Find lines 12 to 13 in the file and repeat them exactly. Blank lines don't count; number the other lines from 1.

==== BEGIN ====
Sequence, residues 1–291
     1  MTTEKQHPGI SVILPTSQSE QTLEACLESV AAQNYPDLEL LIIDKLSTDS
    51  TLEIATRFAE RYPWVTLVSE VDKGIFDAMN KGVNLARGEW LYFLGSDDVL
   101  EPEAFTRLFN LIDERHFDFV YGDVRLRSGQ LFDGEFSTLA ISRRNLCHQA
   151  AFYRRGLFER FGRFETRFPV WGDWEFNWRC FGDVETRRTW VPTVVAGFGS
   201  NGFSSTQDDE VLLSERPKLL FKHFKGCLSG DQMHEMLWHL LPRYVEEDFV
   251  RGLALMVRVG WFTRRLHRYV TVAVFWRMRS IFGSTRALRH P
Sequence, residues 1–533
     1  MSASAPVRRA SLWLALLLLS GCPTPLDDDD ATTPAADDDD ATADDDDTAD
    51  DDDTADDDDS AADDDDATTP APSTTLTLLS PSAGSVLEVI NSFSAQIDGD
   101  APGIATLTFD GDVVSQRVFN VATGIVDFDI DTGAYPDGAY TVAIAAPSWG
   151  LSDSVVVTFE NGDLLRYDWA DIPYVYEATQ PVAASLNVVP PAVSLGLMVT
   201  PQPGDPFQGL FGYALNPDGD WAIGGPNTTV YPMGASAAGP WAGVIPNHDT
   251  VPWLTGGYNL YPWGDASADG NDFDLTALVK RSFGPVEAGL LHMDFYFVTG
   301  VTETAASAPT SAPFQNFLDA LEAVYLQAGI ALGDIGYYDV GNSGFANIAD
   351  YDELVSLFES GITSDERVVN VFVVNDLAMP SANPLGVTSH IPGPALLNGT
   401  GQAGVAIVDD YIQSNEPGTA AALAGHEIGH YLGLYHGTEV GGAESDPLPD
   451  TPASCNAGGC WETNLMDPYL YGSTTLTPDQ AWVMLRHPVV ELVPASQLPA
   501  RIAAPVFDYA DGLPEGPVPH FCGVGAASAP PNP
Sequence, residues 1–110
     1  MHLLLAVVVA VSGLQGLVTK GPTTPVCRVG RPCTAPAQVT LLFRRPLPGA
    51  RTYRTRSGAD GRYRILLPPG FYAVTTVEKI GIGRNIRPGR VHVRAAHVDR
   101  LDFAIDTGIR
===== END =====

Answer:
   151  LSDSVVVTFE NGDLLRYDWA DIPYVYEATQ PVAASLNVVP PAVSLGLMVT
   201  PQPGDPFQGL FGYALNPDGD WAIGGPNTTV YPMGASAAGP WAGVIPNHDT